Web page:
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Legal academics want ‘ecocide’ made an offense on par with genocide, war crimes

A dozen legal scholars from several countries want destruction of the environment made a crime on par with war crimes and genocide.

According to CBC, the group, the Stop Ecocide Foundation, is seeking adoption of its definition of “ecocide” by the International Criminal Court.

As defined by the SEF, ecoside is “unlawful or wanton acts committed with knowledge that there is a substantial likelihood of severe and widespread or long-term damage to the environment being caused by those acts.”

Law professor Philippe Sands of the University College London said the SEF wanted to cover things like “nuclear accidents, oil spills and deforestation,” but leave alone regular folks’ activities such as “driving to work and heating their homes.”

Sands is director of his school’s Centre on International Courts and Tribunals and “a key member of staff” in the Centre for Law and the Environment, according to his faculty page.

If the Stop Ecocide Foundation’s proposal is adopted by ICC member states, it would be only the fifth offense under the court’s domain. No international laws have been recognized since the Nuremburg trials of 1945. Sands says laws associated with that event “reflected the values of that time,” and the environment was not then a priority. Now, however, it’s “become a huge issue.”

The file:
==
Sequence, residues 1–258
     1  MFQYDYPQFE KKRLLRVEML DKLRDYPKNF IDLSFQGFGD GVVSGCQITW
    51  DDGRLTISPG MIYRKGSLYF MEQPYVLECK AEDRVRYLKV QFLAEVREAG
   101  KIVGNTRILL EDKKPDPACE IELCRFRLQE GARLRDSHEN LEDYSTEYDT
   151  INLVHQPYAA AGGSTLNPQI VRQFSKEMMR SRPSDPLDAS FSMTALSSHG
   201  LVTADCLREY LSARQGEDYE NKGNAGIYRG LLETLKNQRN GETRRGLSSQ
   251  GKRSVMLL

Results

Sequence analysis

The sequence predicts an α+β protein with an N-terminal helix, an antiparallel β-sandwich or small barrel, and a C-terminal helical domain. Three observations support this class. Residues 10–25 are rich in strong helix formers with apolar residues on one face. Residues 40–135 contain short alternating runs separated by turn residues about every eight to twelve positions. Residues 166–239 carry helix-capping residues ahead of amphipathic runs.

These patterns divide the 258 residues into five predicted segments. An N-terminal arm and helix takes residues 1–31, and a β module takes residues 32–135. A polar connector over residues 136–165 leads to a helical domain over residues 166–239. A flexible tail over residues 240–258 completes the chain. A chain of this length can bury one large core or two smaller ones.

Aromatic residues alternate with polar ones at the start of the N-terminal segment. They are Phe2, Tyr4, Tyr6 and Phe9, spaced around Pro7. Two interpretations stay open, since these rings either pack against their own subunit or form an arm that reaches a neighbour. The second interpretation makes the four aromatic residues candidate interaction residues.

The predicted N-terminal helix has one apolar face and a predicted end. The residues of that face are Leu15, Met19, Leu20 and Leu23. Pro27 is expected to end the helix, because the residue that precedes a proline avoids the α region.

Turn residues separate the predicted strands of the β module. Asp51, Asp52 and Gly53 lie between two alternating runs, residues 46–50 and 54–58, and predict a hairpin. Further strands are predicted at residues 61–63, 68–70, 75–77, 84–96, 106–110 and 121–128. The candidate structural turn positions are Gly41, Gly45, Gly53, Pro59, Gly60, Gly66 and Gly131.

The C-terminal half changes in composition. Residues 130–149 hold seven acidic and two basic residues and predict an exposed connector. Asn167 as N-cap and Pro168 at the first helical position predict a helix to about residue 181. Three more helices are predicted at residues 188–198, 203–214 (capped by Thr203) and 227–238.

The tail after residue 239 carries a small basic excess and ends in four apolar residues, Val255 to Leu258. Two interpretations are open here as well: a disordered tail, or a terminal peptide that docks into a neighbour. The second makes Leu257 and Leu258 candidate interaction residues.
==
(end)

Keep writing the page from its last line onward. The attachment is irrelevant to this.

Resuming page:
Adoption of the ecocide law requires approval of two-thirds of ICC member states.

From the story:

While the draft law is intended to fight climate change, the panel’s definition doesn’t actually include the term. Sands said that was intentional.

“The group took a view that it was best not to start listing particular effects, because once you start listing some, you exclude others and you send a signal that other kinds of harm are somehow OK. So we thought the lesser evil, so to speak, was to not mention anything. The definition plainly encompasses climate change,” he said. …

[A]dopting ecocide as an international crime won’t solve the problem of climate change, [Sands] said. Just like prosecuting crimes against humanity and genocide hasn’t ended torture or mass murder.

“What those crimes did was they changed human consciousness. They basically said this is not an acceptable form of behaviour. And I think that’s the proper way to think about the crime of ecocide,” Sands said.

“Not that it will magically repair the environment from one moment to the next, but that it will make us recognize the law as one of the instruments for achieving that change that we need to take greater care of our environment.”

Another issue is that the International Criminal Court can only prosecute individuals. Corporations and governments are beyond the court’s scope, but they’re responsible for many of the environmental hassles we face today.

Theoretically, however, Sands says heads of state and company CEOs could be subjected to the ecocide law.

Read the article.

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MORE: Campus environmentalism as political theater

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About the Author
Associate Editor
Dave has been writing about education, politics, and entertainment for over 20 years, including a stint at the popular media bias site Newsbusters. He is a retired educator with over 25 years of service and is a member of the National Association of Scholars. Dave holds undergraduate and graduate degrees from the University of Delaware.